A Calm Wednesday Before A Major Nor’Easter Thursday

A Powerful Storm Likely To Round Out The Year


A weak shortwave trough works through the state on Wednesday, giving the region a cooler day, but with a mix of sun and clouds as cooler air creates a bit of instability. Clouds increase early Thursday before what appears to be a formidable storm on the way for Thursday afternoon through the morning on Friday. Snow showers return for Saturday night into Sunday.

wedtempsWhere there are clouds, the temperature appears to be cooler. Northern Maine as well as the mountains will see their fair share of clouds and perhaps a brief snow snow shower as the shortwave exits the state by late afternoon. Sun appears most abundant for the south and that is where the warmer temperatures are likely to be. For the folks who get above freezing tomorrow, it would be wise to clean up any ice before the storm approaches on Thursday.

Many Moving Parts

SAT_CUS_WVENHForecast guidance is throwing out a few ideas of how this storm plays out. Forecast ensembles for both the European & GFS models are still showing a bit of wiggle room. The water vapor image above shows all the players on the table. An area of upper level low energy (ULL) will force the trough over the Pacific to dive down in the heartland of the United States by Thursday morning. It is at this point the trough tilts negatively and curves to the northeast. This is where the plot thickens.


Model ensembles still can’t quite grasp with full agreement just exactly where the coastal low forms and where the track goes from there. I can’t say this enough… this is CRITICAL to factoring in storm intensity, track, and what precipitation the coast sees. For the storm to form around the DelMarVa, the storm has more time to intensify. Further up the coast towards Cape Cod, it has less time for it to intensify. Models are in full agreement that the storm will develop rapidly and intensely as it moves northeastward.


Within 18 hours, a significant winter storm is hammering most of New England. This “bombogenesis” is very common with Nor’Easter storms. This one appears to be fairly compact and will move very rapidly through the state. If the storm was any slower in departure, most areas would need a yard stick to measure this one.


This storm could go from a weak wave along the Mid-Atlantic coast early Thursday to a monster Category 3 hurricane pressure storm over eastern Maine Friday morning. If the European model is right here, a storm of this magnitude is going to bring power outages, heart-attack style heavy wet snow, travelling problems and a solid coastal battering. It may take a few days for some to recover from this one.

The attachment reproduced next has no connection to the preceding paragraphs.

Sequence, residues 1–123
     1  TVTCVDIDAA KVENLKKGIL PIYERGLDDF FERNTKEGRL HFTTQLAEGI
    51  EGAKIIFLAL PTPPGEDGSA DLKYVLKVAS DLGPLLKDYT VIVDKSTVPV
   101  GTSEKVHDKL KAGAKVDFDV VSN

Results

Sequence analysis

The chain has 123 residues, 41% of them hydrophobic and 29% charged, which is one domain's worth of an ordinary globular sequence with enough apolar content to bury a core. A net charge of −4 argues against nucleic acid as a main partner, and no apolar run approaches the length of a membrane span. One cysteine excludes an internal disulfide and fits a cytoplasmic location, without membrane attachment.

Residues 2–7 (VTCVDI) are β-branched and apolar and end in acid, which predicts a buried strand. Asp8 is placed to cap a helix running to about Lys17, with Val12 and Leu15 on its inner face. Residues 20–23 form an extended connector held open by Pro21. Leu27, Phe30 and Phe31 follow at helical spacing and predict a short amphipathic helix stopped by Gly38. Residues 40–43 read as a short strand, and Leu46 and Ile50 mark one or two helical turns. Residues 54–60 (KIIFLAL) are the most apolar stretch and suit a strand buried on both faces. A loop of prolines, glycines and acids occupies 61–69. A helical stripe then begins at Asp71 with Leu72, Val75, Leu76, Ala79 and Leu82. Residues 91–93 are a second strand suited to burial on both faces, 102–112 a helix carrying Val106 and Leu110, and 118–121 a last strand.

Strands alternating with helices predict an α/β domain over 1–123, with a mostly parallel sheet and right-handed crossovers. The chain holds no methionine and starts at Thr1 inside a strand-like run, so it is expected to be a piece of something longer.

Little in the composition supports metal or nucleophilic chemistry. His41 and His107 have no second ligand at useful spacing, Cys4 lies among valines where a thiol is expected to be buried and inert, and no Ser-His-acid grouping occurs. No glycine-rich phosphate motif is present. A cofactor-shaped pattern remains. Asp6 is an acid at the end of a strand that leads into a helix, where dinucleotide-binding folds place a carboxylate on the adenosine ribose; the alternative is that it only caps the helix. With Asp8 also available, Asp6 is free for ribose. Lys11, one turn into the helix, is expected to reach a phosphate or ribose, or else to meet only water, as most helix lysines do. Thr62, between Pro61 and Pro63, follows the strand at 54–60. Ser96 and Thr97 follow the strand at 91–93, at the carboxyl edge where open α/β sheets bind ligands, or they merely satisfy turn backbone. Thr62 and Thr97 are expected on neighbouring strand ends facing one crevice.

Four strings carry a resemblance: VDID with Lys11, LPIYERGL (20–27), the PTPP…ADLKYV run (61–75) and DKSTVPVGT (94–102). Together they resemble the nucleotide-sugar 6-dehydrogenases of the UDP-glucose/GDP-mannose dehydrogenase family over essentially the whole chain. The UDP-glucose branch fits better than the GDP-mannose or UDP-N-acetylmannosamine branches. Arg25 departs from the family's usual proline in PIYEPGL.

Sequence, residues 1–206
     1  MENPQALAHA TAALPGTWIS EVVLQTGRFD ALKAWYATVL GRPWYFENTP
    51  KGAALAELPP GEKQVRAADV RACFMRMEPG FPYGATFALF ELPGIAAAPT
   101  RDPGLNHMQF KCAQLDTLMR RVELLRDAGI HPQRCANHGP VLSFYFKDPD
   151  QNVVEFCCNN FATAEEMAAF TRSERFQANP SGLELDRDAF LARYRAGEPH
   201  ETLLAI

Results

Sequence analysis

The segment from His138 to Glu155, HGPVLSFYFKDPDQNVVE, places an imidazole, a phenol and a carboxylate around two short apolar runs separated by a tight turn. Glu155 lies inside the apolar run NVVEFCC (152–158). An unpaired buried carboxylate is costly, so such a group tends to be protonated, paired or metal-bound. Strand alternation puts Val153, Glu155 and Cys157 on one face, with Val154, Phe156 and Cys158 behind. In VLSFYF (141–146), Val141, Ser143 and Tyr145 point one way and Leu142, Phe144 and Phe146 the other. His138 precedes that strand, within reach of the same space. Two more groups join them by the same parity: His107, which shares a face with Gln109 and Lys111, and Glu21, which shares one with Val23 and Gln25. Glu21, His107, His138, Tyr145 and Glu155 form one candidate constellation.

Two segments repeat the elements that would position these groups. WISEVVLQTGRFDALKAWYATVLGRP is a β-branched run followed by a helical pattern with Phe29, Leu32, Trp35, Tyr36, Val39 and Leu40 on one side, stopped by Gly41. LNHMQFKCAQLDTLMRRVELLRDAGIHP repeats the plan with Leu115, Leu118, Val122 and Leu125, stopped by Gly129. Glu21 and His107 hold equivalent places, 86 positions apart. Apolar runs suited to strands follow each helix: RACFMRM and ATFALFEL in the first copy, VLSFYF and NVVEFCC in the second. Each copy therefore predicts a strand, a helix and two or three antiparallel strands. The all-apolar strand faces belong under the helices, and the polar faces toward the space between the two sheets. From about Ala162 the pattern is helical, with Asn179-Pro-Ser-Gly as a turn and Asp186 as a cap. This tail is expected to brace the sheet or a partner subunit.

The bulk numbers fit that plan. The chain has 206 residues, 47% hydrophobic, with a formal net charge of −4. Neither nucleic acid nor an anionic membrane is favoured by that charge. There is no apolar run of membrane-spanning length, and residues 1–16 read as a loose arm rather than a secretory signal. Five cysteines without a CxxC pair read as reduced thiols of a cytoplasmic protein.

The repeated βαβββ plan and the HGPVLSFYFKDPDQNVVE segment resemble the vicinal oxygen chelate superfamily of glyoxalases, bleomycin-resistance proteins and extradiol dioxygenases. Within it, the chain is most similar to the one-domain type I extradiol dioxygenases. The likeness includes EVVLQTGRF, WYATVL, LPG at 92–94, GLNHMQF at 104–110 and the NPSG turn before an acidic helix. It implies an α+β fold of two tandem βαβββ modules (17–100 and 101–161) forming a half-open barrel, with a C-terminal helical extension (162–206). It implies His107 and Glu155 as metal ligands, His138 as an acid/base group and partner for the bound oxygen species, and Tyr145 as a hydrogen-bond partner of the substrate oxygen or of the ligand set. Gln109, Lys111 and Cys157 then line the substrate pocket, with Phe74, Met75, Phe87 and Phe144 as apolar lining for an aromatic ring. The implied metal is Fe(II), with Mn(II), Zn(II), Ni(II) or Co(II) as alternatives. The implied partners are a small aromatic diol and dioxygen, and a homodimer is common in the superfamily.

First Call Snow Amounts


With a storm like this that tracks into the Gulf of Maine and makes landfall DownEast, the western mountains and foothills take the brunt. If this track holds true, it could be 18″ easy for the ski slopes. I get the impression some weather observer may report 20″ somewhere. Since there is room for this storm to track closer or slightly further east, I am being a bit conservative on the overall totals.

The most difficult part of this forecast is for the coast. Any deviation of the storm track further east could mean bigger totals for the York County coast, Portland area, Bath/Brunswick, up through Waldo County. Be forewarned… the gradient is going to be very sharp at the coast. While the islands will wonder what the fuss is all about, folks within two miles of the ocean may see 6″ or more.

I will update on this again Wednesday afternoon.

~ Mike Haggett

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Special thanks to Tropical Tidbits and Pivotal Weather for their written permission to use their graphics in this post. Use of WeatherTAP images used within their written permitted terms of media use policy. Additional forecast information supplied by the National Weather Service, WeatherBELL Analytics and AccuWeather Professional.

Always Stay Weather Aware!

Mike Haggett

About Mike Haggett

As a Mainer for nearly five decades, Mike understands all too well the ever changing weather forecasts and surprises given the location and geography of the state. Spending much of his time as child outdoors fishing in all four seasons, keeping track of the weather was a must for personal safety. Living firsthand through the impacts of weather through many types of storms and phenomena, the idea came to mind for him to analyze it closer in 2011.